Kansas says it can’t help half of firms seeking COVID-19 aid
TOPEKA, Kan. (AP) — Kansas can’t help at least half of the struggling small businesses seeking relief because of the coronavirus pandemic, officials said Monday, calling for additional federal aid as the state reported another record for new coronavirus cases.
Democratic Gov. Laura Kelly and state Commerce Secretary David Toland announced that nearly 2,000 small businesses, most with 10 or fewer employees, had received grants financed with federal funds to help them cover operating costs. Kelly’s office said the grants totaled $37.5 million. Toland said the state hopes to distribute another $20 million to about 1,000 additional businesses by year’s end.
But Toland said about 6,000 businesses applied for grants, meaning at least half won’t get funds unless Congress approves another coronavirus relief package. Kelly called for more federal aid only hours after state Department of Health and Environment data showed Kansas averaging a record 2,741 new confirmed and probable coronavirus cases a day for the seven days ending Monday, or 7.4% higher than the previous high of 2,553 cases per day for the seven days ending Friday.
Kelly kept a statewide stay-at-home order in place for five weeks, ending in early May, to curb the virus’ spread. The Republican-controlled Legislature later forced her to accept giving local officials control over mask mandates, limits on public gatherings and restrictions on businesses. Some of the state’s 105 counties have enacted stricter rules this month, with part of Kansas City area getting tougher Monday.
“We have a real crisis on our hands in terms of public health,” Kelly said during a Zoom news conference. “But one of the other things that we’ve been doing while we’ve been dealing with the public health aspect is dealing with the economic health aspect of this virus.”
Republican legislators and conservative groups have criticized Kelly over her handling of the pandemic arguing that restrictions this spring were unnecessary in many rural areas. She’s had to publicly pledge not to shut down businesses statewide again to get legislative leaders to keep a state of emergency in place for the pandemic.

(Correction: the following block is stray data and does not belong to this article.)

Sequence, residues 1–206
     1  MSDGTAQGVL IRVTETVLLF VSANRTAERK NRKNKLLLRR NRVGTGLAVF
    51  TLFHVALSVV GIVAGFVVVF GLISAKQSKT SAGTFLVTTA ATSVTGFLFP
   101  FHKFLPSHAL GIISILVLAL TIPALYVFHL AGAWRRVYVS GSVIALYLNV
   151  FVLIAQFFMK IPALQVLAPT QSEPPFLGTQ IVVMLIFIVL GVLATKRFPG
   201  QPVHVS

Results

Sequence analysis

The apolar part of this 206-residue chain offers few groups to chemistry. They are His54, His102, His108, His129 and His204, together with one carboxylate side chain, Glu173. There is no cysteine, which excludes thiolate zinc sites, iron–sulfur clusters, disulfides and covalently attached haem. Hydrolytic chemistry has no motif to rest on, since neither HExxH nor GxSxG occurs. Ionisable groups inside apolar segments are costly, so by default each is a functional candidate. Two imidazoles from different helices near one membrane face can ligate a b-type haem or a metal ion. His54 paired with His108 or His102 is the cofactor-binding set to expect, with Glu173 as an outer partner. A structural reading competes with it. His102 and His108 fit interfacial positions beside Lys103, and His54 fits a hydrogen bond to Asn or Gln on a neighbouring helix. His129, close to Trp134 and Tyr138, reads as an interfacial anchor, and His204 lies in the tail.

Meanwhile, talks in Washington have been stalled for months over another coronavirus relief package. Like other Democrats, Kelly favors a larger package that includes aid to states and cities to offset their revenue shortfalls. She argued Monday that they need to preserve spending on public safety, public health and core government services. But, she said, extra aid to small businesses is equally important.
But U.S. Senate Majority Leader Mitch McConnell wants a narrower package. Congressional Republicans also have said they don’t want a federal “bailout” of some states’ and cities poor budget decisions.
State Sen. Richard Hilderbrand, a Galena Republican serving on a joint legislative committee on the recovery, said the state should make sure that it’s spending existing relief funds as effectively as possible before asking for more.
He added, “I’d rather Washington lower our taxes instead of giving us money back.”
The state health department added 7,234 confirmed and probable coronavirus cases since Friday to the state’s tally for the pandemic, increasing it 6.3% to 122,741. The department also reported another 10 COVID-19-related deaths over three days, bringing the total to 1,266 since the pandemic reached the state in early March.
The state has reported 19,188 new coronavirus cases since Nov. 9. That’s the equivalent of one in every 152 residents testing positive.
The state also averaged a record 42 new COVID-19-related hospitalizations for the seven days ending Monday, beating the previous high of 38. The health department reported 104 new hospitalizations since Friday, to bring the pandemic total to 4,431.
At least nine counties have enacted tougher coronavirus rules within the past two weeks, with leaders in Wyandotte County in the Kansas City area on Monday joining leaders in neighboring Jackson County, Missouri, in limiting public gatherings to 10 people, ordering bars, taverns and restaurants to close at 10 p.m. and limiting those businesses to 50% of their capacities, starting Friday.
Wyandotte County previously had limited gatherings to 45 people and didn’t have earlier closing times or a specific capacity limit. But the state health department said it has had more than 1,100 new cases during the past two weeks, increasing its pandemic total by 12.6% to nearly 10,000.
“We’re reaching a point where we have to take some stronger steps to help prevent it from getting even worse,” said Janell Friesen, a spokeswoman for the county health department.
In neighboring Johnson County, the state’s most populous county, total cases have risen 33% in the past two weeks, up nearly 5,500 to almost 22,000, according to the state health department. There, the Shawnee Mission school district, one of Kansas’ largest, announced that middle and high school students would switch Nov. 30 from going to in-person classes two days a week to only online classes.